Court of Appeals Makes Every Business a Target


The 7th Circuit Court of Appeals reinstated a lawsuit against Neiman Marcus that followed their 2013 breach. In reinstating the suit, the court overturned the precedent that prevented individuals from successfully suing companies following a breach. The precedent, called Clapper, required any person to provide legally sufficient evidence of damages in order to have standing to bring a suit.

In overturning the precedent, the judge stated that that “fear of hackers in the future is not too “speculative” for a day in court.” The judge further stated that "Why else [other than to cause harm] would hackers break into a store's database and steal consumers' private information?"


It is generally understood that the circumstance that will change the way companies deal with cyber security will be driven by the courts and civil lawsuits. The courts have been consistently frustrated and have begun to try to find a way to create change. Unfortunately, the result may not only be bad for businesses, but take the market in a dangerous direction. If consumers can successfully sue any company that has a breach, the end result may be that every breach becomes a business-ending event.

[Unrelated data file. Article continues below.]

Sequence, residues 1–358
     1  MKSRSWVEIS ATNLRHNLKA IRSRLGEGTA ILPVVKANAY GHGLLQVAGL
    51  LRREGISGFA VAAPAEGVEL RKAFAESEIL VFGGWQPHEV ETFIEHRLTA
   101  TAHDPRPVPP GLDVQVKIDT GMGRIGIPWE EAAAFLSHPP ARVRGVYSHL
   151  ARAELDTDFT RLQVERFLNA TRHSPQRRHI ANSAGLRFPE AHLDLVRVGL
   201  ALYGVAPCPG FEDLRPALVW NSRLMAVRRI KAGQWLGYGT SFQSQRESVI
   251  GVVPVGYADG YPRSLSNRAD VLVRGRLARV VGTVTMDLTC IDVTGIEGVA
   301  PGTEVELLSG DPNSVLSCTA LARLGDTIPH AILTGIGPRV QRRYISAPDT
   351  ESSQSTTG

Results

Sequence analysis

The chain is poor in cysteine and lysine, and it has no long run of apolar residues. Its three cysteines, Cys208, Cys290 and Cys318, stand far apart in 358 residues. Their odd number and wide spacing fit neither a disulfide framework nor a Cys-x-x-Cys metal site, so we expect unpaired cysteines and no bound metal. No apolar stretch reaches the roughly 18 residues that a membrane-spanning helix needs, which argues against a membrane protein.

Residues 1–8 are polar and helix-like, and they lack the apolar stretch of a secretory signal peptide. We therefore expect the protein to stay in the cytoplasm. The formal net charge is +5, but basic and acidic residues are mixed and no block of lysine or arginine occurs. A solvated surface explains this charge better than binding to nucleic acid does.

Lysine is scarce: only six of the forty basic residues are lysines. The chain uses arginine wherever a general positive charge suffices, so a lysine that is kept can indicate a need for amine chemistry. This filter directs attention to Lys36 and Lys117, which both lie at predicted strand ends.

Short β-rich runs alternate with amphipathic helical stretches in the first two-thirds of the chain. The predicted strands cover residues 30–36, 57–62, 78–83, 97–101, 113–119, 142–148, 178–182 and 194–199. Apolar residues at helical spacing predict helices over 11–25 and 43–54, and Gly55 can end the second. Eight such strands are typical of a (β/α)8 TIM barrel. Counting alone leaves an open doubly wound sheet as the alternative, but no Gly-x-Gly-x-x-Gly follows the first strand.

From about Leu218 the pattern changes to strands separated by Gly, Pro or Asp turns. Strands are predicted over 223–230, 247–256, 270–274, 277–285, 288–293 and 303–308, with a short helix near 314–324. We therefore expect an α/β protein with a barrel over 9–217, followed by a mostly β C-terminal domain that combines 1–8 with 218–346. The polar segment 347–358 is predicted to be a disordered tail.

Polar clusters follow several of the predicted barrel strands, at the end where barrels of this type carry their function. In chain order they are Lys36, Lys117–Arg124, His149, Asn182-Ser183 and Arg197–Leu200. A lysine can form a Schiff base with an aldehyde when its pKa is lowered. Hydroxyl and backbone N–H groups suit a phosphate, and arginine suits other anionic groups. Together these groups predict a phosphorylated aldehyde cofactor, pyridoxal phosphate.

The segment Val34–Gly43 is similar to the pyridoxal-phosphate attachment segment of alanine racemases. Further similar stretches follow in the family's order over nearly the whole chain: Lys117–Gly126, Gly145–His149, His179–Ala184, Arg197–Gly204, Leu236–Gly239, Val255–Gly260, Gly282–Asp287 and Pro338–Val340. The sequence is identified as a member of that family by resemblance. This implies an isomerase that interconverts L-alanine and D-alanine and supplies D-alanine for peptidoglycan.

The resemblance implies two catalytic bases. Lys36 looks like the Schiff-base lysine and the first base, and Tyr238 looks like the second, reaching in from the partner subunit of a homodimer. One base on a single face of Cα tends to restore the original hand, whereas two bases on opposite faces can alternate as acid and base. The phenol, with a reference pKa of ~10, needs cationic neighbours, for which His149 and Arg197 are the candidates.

One of the key factors as to whether a lawsuit will take place and be successful following a breach is whether the company can show that it has acted in good faith and taken reasonable steps to address the issues of data security and privacy. These reasonable steps MUST include having acted ahead of time to implement good security practices, they must be able to prove (in writing) that the program is in place and that it is actively in use. The program must also include provisions for how to deal with situations when things go wrong. The fastest way to be out of business is to sit, wait and hope for the best.


average cost of a small business data breach in the US

197 days

time it takes companies to identify a data breach